arrangements, where there is joint responsibility for overseeing and implementing
programs across a number of bodies, involving public and/or private sector organisations,
a robust governance framework and accountability and reporting arrangements, which
clearly define roles and responsibilities of the various participants, may be required.
Increasingly, relevant governance arrangements will need to cross organisational
boundaries to better align activities and reduce barriers to effective cooperation and
coordination. Of note, in this respect, is the fact that globalisation has resulted in an
increasing number of business networks operating across national borders. Networks do

not necessarily require formal organisational structures to be effective but any
arrangements for networking, or coordination, of activities have to be at least transparent.

More networked or partnering arrangements can also help overcome any apparent
inflexibilities of a contract. Such networked arrangements are seen to enable a greater
exchange of ideas and information and to allow partners to gain access to knowledge and
resources of the other parties which contribute to their joint performance and results.
Contract re-negotiations and variations are often more likely to involve WIN-LOSE than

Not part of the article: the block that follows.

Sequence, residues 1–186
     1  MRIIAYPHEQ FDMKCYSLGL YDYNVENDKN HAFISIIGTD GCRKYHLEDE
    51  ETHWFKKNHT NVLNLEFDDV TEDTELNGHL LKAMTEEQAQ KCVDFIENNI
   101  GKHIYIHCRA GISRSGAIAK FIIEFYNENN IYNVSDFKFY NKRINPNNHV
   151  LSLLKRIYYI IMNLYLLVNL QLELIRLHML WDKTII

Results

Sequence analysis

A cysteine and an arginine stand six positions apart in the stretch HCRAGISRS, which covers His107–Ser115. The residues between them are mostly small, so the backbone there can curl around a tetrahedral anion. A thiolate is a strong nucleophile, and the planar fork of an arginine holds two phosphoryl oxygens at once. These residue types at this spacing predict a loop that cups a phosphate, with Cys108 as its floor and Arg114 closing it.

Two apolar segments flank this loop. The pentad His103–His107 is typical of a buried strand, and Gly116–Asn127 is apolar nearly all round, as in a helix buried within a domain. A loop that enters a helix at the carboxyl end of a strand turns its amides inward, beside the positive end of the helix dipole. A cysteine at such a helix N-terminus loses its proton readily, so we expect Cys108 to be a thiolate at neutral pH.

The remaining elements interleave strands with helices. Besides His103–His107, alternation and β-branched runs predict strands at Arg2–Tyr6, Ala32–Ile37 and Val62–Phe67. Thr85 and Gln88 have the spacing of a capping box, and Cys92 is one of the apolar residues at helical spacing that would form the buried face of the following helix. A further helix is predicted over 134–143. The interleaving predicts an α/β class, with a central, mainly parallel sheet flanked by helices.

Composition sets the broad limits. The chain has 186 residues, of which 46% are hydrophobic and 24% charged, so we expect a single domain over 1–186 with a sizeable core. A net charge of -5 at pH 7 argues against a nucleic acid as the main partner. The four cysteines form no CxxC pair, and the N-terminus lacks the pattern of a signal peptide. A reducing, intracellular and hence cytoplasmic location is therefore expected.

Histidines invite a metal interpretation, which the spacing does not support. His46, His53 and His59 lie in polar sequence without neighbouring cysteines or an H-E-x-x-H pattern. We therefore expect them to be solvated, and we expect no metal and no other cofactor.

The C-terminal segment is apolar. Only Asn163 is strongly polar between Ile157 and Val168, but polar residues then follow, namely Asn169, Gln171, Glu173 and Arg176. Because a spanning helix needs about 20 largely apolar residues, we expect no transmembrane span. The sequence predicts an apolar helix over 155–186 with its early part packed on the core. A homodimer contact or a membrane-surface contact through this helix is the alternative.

WIN-WIN perceptions, including a greater propensity to resort to contract clauses to
resolve any problems in working arrangements. A focus on cooperation to overcome any
identified problems and/or to deal positively with any issue of collaboration, coupled
with a genuine commitment to mutual understanding, can lead to a more productive
relationship and better results for all parties.

Realising the benefits of networking in a cross-cutting mode requires further cultural
transformation in government agencies.           For example, hierarchical management
approaches may need to yield to more ‘partnering-type’ approaches. Process oriented
ways of doing business will need to be at least complemented, if not largely replaced, by
results-oriented ones. Organisations operating as virtual ‘silos or islands’ of activity
under devolved authority arrangements will not only need to become more integrated
with their partners, but will also have to become more externally focussed if they are to
meet the needs of their ultimate clients cost-effectively. What is needed is a positive and
encouraging framework for building relationships, dialogue and cooperation that can lead

   clearer and more realistic performance measurements;
   more buy-in on both sides to achieve the results;
   a basis for ongoing dialogue throughout the year to improve the likelihood of
    achieving results; and
   capacity for learning and improvement.10

Another important aspect of developing networked solutions is the greater availability of
information and access to citizens as clients or customers. Information technology is
providing significant opportunities for government to ensure that existing and potential